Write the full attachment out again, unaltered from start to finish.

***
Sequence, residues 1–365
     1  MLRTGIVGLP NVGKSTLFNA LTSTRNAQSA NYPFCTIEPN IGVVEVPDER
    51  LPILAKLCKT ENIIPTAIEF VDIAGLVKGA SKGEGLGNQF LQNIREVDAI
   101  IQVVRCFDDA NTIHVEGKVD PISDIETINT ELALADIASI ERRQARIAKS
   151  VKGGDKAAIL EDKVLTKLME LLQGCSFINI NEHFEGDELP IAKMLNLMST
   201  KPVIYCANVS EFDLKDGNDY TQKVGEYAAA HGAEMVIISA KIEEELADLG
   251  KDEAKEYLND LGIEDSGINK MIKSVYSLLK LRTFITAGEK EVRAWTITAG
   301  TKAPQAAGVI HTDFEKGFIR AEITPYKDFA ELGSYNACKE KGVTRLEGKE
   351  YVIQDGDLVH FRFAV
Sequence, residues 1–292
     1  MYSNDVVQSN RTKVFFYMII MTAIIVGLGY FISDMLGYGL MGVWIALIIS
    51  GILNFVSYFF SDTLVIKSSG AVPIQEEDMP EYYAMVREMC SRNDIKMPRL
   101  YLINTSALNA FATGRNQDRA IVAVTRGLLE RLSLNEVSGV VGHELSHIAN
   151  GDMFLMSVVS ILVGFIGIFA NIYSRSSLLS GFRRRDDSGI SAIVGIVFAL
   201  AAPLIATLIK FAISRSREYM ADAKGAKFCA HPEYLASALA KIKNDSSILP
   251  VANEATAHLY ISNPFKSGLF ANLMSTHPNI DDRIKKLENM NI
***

Sequence, residues 1–365
     1  MLRTGIVGLP NVGKSTLFNA LTSTRNAQSA NYPFCTIEPN IGVVEVPDER
    51  LPILAKLCKT ENIIPTAIEF VDIAGLVKGA SKGEGLGNQF LQNIREVDAI
   101  IQVVRCFDDA NTIHVEGKVD PISDIETINT ELALADIASI ERRQARIAKS
   151  VKGGDKAAIL EDKVLTKLME LLQGCSFINI NEHFEGDELP IAKMLNLMST
   201  KPVIYCANVS EFDLKDGNDY TQKVGEYAAA HGAEMVIISA KIEEELADLG
   251  KDEAKEYLND LGIEDSGINK MIKSVYSLLK LRTFITAGEK EVRAWTITAG
   301  TKAPQAAGVI HTDFEKGFIR AEITPYKDFA ELGSYNACKE KGVTRLEGKE
   351  YVIQDGDLVH FRFAV
Sequence, residues 1–292
     1  MYSNDVVQSN RTKVFFYMII MTAIIVGLGY FISDMLGYGL MGVWIALIIS
    51  GILNFVSYFF SDTLVIKSSG AVPIQEEDMP EYYAMVREMC SRNDIKMPRL
   101  YLINTSALNA FATGRNQDRA IVAVTRGLLE RLSLNEVSGV VGHELSHIAN
   151  GDMFLMSVVS ILVGFIGIFA NIYSRSSLLS GFRRRDDSGI SAIVGIVFAL
   201  AAPLIATLIK FAISRSREYM ADAKGAKFCA HPEYLASALA KIKNDSSILP
   251  VANEATAHLY ISNPFKSGLF ANLMSTHPNI DDRIKKLENM NI